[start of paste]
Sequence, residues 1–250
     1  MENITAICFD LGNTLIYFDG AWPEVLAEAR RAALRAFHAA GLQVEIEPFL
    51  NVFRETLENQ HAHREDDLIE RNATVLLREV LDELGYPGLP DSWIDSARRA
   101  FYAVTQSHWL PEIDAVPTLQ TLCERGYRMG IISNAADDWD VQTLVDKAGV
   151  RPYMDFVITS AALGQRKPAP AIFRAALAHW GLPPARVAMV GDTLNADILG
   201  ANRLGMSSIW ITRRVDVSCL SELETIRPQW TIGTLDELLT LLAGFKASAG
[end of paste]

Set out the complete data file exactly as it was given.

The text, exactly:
Sequence, residues 1–250
     1  MENITAICFD LGNTLIYFDG AWPEVLAEAR RAALRAFHAA GLQVEIEPFL
    51  NVFRETLENQ HAHREDDLIE RNATVLLREV LDELGYPGLP DSWIDSARRA
   101  FYAVTQSHWL PEIDAVPTLQ TLCERGYRMG IISNAADDWD VQTLVDKAGV
   151  RPYMDFVITS AALGQRKPAP AIFRAALAHW GLPPARVAMV GDTLNADILG
   201  ANRLGMSSIW ITRRVDVSCL SELETIRPQW TIGTLDELLT LLAGFKASAG